II.

In regard to appellant's double jeopardy claim, based on being sentenced twice for felony murder, it is apparent from the record that the trial Judge did not sentence appellant twice for felony murder, but instead made a clerical error in transposing Count I and Count J in the amended commitment order of October 23, 1991. The order of October 23, 1991 expressly states that the Judge intended to vacate the felony murder conviction (Count I), not the premeditated murder conviction (Count J). The notation on the amended commitment order also indicates that the Judge intended to vacate only the felony murder conviction.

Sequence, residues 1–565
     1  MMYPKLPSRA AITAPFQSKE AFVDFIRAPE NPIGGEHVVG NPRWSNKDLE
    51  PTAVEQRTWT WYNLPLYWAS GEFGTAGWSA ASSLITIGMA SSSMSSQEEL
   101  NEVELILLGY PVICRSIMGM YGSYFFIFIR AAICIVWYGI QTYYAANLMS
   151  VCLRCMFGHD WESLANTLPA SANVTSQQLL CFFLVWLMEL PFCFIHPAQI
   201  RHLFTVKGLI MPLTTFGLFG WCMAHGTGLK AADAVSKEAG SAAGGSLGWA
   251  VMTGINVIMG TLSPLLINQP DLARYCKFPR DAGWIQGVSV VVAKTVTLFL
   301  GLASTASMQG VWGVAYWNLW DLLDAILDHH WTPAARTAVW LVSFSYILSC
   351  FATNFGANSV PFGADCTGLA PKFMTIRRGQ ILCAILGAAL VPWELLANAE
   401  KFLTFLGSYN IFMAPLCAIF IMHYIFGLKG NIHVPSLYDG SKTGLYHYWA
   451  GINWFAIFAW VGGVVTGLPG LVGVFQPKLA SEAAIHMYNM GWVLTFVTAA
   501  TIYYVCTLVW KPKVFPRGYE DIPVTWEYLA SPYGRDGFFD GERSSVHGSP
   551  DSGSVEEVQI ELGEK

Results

Accordingly, we remand the case to the trial court to correct the clerical errors on the amended commitment order of October 23, 1991, so that the order reflects the expressed intent of the trial Judge to vacate the felony murder count only. See Newton v. United States, 613 A.2d 332, 334 (D.C. 1992); Rich v. United States, 357 A.2d 421, 423 (D.C. 1976); Super. Ct. Crim. R. 36.